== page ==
2 thoughts on “When Did Growing Pains Jump the Shark?

  1. I always hated this show and as you allude to, the premise was only noteworthy in 1985 because America was still reacting to the aftermath of the civil rights/woman’s liberation movements of the 60s and 70s amid the Reagan Revolution whose goal was to get America back to where it was before FDR. It falls apart with any scrutiny and I always saw GROWING PAINS as an example of a mediocre 1980s network sitcom which somehow ran 7 seasons out of pure inertia. Only FULL HOUSE is more intolerable (yet somehow enduring).
    Plus, it got two TV movies you didn’t mention in 2000 and 2004. That means the Seavers appeared in every decade from 1980-2010. That is insane for a show that I can hardly recall anyone (critics, pundits, actual real live humans in the wild) recalling fondly. The fact that Kirk Cameron became who he has become (i.e. an evangelical anti-LGBTQ+ slime-ball on par with Kenneth Copeland or Peter Popoff) just tarnishes the reputation of the show further. Sure, some sitcoms have propped up loathsome people, but at least some of them were funny.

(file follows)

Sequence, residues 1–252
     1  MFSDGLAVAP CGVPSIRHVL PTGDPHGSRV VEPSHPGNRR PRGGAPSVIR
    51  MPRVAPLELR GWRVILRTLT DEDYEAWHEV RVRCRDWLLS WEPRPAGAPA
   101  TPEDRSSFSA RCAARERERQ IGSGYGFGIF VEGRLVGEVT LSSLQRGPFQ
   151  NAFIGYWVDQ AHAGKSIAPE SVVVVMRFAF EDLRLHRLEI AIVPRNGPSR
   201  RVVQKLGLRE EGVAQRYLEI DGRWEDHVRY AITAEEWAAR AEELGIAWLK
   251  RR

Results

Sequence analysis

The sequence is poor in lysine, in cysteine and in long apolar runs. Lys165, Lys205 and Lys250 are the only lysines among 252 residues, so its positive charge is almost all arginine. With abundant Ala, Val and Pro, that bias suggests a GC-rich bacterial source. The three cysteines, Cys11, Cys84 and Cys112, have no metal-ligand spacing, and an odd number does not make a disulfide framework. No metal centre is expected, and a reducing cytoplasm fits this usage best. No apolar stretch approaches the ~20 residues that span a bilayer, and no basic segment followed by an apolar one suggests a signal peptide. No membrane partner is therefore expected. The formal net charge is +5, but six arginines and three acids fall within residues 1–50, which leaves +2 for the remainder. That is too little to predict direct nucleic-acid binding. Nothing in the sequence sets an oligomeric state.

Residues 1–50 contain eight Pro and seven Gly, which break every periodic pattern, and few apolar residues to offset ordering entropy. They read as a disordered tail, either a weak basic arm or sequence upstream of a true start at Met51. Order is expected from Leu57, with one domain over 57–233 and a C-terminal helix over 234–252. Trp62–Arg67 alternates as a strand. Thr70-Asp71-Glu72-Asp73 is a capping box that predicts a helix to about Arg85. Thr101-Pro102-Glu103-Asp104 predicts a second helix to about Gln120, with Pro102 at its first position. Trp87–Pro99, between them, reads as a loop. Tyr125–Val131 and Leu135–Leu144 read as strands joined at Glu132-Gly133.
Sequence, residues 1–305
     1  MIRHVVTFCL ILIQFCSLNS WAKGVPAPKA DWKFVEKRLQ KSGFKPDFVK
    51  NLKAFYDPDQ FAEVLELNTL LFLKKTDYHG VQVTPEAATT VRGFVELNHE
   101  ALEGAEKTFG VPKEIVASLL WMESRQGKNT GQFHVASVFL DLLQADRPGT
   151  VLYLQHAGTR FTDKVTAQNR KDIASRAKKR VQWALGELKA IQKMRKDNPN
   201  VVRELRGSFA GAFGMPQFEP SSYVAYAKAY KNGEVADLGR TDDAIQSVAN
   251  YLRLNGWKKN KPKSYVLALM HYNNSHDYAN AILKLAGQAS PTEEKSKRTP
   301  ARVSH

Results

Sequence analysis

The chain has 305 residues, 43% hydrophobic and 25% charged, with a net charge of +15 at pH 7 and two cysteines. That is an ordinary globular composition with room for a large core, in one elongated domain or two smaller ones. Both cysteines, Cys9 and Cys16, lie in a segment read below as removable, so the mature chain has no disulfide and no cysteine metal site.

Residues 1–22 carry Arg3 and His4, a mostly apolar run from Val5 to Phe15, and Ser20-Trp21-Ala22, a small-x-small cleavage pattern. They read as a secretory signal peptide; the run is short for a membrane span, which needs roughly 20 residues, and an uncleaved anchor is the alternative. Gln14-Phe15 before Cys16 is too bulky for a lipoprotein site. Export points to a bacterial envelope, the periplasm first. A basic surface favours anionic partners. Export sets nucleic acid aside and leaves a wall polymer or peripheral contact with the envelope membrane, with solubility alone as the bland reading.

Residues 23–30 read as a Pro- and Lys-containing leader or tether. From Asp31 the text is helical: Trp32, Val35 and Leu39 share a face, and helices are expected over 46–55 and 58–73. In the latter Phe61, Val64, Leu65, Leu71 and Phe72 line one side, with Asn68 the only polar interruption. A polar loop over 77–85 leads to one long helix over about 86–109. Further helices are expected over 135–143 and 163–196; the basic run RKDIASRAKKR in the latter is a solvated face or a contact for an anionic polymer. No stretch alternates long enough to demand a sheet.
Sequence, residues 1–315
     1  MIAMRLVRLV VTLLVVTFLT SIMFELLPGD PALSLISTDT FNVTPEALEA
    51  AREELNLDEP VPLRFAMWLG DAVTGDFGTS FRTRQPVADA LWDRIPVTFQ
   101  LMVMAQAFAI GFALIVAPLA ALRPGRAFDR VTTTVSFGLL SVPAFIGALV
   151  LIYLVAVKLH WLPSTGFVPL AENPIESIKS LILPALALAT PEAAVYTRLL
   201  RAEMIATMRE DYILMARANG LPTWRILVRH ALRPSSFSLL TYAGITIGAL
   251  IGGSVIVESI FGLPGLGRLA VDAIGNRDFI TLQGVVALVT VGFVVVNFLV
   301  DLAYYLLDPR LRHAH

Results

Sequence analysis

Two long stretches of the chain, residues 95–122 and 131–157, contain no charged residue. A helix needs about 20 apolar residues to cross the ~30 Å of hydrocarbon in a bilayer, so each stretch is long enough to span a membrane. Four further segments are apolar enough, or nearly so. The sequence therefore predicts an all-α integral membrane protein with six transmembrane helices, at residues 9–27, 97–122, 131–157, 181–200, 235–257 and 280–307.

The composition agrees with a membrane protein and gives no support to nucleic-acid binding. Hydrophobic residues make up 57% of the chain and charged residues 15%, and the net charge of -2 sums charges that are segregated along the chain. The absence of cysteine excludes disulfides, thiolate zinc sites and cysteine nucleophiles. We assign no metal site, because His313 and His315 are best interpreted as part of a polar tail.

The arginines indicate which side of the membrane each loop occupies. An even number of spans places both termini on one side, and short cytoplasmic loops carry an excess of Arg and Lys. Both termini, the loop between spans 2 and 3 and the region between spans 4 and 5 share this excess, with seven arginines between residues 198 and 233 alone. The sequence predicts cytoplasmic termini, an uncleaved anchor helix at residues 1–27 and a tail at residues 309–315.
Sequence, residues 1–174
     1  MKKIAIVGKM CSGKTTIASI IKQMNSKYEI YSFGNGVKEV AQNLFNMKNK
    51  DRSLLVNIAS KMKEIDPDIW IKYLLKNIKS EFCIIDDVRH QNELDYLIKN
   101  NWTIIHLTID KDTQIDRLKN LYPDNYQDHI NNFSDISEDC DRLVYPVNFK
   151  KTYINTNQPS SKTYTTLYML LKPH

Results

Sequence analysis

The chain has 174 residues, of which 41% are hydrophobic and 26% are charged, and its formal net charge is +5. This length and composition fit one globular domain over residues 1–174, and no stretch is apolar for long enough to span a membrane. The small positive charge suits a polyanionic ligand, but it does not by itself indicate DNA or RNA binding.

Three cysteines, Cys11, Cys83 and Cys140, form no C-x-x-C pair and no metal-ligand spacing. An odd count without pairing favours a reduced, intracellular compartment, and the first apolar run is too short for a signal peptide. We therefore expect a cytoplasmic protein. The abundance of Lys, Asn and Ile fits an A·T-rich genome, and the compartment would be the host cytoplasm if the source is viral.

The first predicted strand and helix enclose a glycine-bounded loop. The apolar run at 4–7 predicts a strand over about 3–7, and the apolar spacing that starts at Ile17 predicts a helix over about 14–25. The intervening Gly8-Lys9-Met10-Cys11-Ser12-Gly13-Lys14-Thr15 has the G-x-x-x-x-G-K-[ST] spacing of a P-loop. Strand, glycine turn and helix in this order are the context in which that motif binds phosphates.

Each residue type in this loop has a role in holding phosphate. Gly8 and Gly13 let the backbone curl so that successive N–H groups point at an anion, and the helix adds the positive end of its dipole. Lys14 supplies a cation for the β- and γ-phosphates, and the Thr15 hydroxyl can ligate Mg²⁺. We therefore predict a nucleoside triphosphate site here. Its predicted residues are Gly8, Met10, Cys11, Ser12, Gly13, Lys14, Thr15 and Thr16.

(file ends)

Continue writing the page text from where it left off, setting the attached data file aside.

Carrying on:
I did like some of the guest appearances Alan Thicke made on “MARRIED WITH CHILDREN” where he played a sleazy and oversexed local tycoon. It was deliberately against type compared to Jason Seaver.

  2. I enjoyed the show and I don’t think the premise made that much difference: it was still a generic family sitcom at heart. Just funny enough i watched … but for some reason I stopped before the engagement and didn’t miss it. Which doesn’t mean that’s when it jumped the shark — it could be something as simple as another show competing in that time slot.
    Even though I liked it, it would have to be a lot better to jump the shark, I think. How’s that for damning with faint praise?

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